Israeli forces replace Al Aqsa call to prayer with national anthem to mark 'Memorial Day', sparking anger

Israeli forces replace Al Aqsa call to prayer with national anthem to mark 'Memorial Day', sparking anger
The Islamic Waqf accused Israel of trying to instigate a religious war that 'they can start and won't stop' after occupying Israeli forces banned the call for Isha prayer at Al-Aqsa Mosque where they instead sang the national anthem for Memorial Day.
2 min read
04 May, 2022
The speech took place ahead of Israel's 'Independence Day' celebrations [Getty]

Palestine's Religious Affairs Minister condemned the raising of the flag of Israel and the singing of the Israeli anthem at Al-Aqsa Mosque while preventing the call for the night prayer.

Israeli forces raided Al-Aqsa Mosque in occupied East Jerusalem on Tuesday evening and banned the Muslim night prayer call to sing the national anthem and raise flags to mark Israel's Memorial Day.

Memorial Day commemorations took place at the Buraq Wall -  also referred to as the Western Wall - where Israeli President Isaac Herzog delivered a speech urging Israelis to stay united in the face of "hateful terror".

The speech took place ahead of Israel's so-called Independence Day, which will be celebrated on Thursday.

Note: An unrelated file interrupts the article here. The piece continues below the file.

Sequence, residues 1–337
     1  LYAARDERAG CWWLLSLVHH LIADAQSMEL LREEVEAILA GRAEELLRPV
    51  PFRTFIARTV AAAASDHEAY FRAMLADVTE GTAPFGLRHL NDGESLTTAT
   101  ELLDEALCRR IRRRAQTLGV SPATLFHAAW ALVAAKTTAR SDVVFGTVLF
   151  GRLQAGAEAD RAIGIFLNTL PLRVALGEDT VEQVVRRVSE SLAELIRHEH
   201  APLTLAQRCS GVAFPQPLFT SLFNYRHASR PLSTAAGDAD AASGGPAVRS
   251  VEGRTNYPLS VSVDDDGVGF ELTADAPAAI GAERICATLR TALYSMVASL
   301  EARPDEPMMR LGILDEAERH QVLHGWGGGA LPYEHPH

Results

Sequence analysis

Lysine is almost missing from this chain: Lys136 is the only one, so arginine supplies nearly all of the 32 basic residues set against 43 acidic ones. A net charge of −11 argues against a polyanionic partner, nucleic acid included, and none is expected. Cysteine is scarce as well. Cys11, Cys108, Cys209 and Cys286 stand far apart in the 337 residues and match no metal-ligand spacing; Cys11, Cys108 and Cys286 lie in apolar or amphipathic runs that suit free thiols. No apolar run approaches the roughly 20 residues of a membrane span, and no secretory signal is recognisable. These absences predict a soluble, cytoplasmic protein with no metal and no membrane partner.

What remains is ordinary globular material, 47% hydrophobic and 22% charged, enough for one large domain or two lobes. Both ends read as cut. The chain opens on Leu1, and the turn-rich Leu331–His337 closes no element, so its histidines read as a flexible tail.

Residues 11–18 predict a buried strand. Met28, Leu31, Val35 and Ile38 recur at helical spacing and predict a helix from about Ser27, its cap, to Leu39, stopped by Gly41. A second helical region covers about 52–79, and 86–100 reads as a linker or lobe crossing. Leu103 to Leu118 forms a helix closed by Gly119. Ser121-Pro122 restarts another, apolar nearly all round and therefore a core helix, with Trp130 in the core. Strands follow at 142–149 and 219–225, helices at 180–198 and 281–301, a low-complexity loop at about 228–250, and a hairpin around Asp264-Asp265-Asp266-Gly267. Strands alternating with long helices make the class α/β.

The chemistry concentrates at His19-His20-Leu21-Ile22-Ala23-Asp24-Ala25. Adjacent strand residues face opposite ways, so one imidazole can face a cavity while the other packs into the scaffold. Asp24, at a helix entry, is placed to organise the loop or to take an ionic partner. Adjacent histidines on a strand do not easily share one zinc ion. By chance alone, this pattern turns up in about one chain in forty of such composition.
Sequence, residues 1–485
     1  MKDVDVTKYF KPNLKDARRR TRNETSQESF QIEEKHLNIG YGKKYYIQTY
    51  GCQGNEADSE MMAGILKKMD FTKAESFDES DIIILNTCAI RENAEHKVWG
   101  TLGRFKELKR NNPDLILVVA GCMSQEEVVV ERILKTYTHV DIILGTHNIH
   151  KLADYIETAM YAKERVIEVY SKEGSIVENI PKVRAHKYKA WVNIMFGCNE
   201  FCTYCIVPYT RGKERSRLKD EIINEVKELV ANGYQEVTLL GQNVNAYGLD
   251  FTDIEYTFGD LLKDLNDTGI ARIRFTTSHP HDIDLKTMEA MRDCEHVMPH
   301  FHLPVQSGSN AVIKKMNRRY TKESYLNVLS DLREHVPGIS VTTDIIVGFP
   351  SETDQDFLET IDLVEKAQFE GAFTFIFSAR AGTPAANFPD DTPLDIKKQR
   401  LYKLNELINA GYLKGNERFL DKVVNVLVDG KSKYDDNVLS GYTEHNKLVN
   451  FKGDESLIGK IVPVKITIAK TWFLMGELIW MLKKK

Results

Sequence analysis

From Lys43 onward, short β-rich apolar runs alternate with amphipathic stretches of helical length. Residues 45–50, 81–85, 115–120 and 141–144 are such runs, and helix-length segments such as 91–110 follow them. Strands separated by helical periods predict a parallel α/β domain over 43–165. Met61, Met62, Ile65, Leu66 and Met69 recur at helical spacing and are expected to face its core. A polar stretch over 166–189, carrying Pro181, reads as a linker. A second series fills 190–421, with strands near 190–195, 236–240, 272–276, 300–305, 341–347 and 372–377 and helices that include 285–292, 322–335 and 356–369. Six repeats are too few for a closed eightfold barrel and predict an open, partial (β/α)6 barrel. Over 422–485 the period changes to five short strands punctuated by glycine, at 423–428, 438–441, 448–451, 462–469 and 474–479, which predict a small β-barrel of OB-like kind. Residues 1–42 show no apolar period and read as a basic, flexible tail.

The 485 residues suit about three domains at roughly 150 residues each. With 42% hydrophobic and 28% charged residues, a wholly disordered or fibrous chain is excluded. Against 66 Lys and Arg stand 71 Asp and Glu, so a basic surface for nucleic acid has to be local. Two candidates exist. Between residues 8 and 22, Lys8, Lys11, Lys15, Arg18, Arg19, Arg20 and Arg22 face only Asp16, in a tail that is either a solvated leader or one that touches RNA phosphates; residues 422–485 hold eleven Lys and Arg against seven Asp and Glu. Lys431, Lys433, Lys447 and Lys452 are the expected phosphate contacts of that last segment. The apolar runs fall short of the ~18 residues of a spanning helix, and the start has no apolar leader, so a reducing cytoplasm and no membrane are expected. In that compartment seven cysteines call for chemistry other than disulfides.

Police confiscated audio wires at Al-Aqsa to prevent them from praying, said Sheikh Hatem Al-Bakri, Religious Affairs Minister and head of the Islamic Waqf.

He said that Tuesday evening's incident can only be explained by Israel wanting to spark a religious war that they will be able to start, but not stop.

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Al-Bakri called on the international community and organisations that work on heritage preservation to put an end to the "unjustifiable" attacks and urged the Arab and Muslim world to take action to protect Al-Aqsa - Islam's third holiest site.

Meanwhile, an extremist settler group has announced plans to storm Al-Aqsa Mosque on Thursday in recognition of 'Independence Day'.

Activists for the Temple group urged Israelis to "celebrate independence on the Temple Mount," in reference to the Al-Aqsa Mosque, on their social media sites.

They urged attendees to wave the Israeli flag and chant the Israeli national anthem.

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There will be two planned incursions, one in the morning and another later in the evening.

Raids on the holy site come with increased settler violence against Palestinians in East Jerusalem.
During the Muslim holy month of Ramadan, Israeli settlers and occupying forces carried out attacks on Palestinian worshippers at the holy site, leaving dozens injured and sparking outrage across the Muslim world. 

Palestinians in the coming weeks will commemorate the Nakba, or "the Catastrophe", when the ethnic cleansing of hundreds of thousands of Palestinians by Zionist militias took place to create the state of Israel in 1948.